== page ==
NEW YORK (CBSNewYork) — A Queens basketball coach is accused of playing games with other people’s money, leaving them feeling cheated and scammed.
Anthony Diaz, a Long Island youth basketball coach, says an offer from a fellow coach in Queens for custom team apparel seemed like a great deal at the time.
“The cost was total $652, that was for 14 short-sleeved hoodies with the logo, name on the back and that included shipping as well,” Diaz said. “It piqued my interest because of the pricing he was giving for some of this stuff.”
But Diaz says after sending Junior Olivera, or Coach Junior, more than $650, he’s still waiting for his order, promised to arrive on Feb. 7.
“I still can’t believe he did this to me,” he told CBS2’s Valerie Castro.
Diaz says text messages from Coach Junior document the transaction.
Initially Junior writes, “Turnaround time is 10 business days guaranteed or your money back” and asks him to pay with QuickPay. Transactions through QuickPay can’t be reversed or disputed.
After 10 days past the promised delivery date, Diaz asks more questions. Junior writes, “If you don’t have it tomorrow, it’s free.”
Still nothing arrives, and when Diaz asks how he can get his money back, all communication from Coach Junior times out.
“Extreme disappointment that he would even sink to the levels to do something like this,” Diaz said.
The disappointment led to a decision to post a scam alert to his own league’s Instagram account along with Coach Junior’s picture — then similar stories began pouring in.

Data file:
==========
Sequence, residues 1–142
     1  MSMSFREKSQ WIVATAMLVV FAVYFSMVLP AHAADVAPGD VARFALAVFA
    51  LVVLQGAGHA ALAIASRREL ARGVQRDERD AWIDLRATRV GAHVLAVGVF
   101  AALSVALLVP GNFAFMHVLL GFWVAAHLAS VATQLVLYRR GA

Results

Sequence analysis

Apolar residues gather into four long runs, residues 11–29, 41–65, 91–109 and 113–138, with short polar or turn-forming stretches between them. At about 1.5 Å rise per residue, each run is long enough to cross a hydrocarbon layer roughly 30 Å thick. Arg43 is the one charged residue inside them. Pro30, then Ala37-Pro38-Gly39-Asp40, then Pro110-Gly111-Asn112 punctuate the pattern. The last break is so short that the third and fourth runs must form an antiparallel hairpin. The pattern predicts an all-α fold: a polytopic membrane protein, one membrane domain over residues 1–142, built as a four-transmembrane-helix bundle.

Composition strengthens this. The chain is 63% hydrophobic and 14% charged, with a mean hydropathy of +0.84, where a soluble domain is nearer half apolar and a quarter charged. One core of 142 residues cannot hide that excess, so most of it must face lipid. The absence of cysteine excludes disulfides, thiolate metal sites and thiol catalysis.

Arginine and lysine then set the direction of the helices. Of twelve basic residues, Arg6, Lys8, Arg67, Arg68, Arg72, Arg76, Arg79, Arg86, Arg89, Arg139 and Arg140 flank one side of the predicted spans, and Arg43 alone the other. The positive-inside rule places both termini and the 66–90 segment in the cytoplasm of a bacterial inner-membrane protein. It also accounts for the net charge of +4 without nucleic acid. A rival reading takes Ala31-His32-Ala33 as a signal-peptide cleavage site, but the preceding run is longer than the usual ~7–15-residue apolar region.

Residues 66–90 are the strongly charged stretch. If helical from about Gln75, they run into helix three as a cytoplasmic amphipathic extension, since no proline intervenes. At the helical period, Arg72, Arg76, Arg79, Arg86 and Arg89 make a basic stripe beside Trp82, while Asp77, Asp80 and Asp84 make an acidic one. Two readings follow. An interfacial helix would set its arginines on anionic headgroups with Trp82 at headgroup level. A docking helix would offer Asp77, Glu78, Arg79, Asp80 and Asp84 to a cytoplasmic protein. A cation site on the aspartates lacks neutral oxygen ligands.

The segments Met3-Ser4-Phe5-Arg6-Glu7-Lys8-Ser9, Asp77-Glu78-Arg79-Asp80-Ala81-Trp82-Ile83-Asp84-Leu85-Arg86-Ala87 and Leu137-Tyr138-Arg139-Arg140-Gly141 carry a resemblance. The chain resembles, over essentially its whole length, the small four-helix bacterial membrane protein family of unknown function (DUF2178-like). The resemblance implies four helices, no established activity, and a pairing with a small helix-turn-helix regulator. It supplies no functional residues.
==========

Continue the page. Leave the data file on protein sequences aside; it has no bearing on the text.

“Just the reaction on that has been overwhelming in a good way, right? Because I found out that I’m not alone. He’s been doing this for years to multiple people,” Diaz said. “It’s all similar situations where he gets the money and then he just cuts off all access.”
Diaz found out the cost of doing business with Junior hasn’t been cheap.
“So far, from the people I’ve spoken to, it’s at least $13,000 and that’s not even including the $650 of mine, which probably brings that closer to $14,000,” he said.
CBS2 tried reaching Coach Junior numerous times so he could explain what happened, but he never responded. Instead, a man who says he’s Junior’s attorney contacted us by phone and says, “He denies the allegations. He maintains that they’re not truthful and this is nothing more than a dispute.”
“So is there any way to explain why these people haven’t gotten the items that they ordered?” Castro asked.
The attorney’s advice for anyone with a problem? Hire their own attorney.
Diaz has filed a police report with Nassau County while he says more complaints keep pouring in.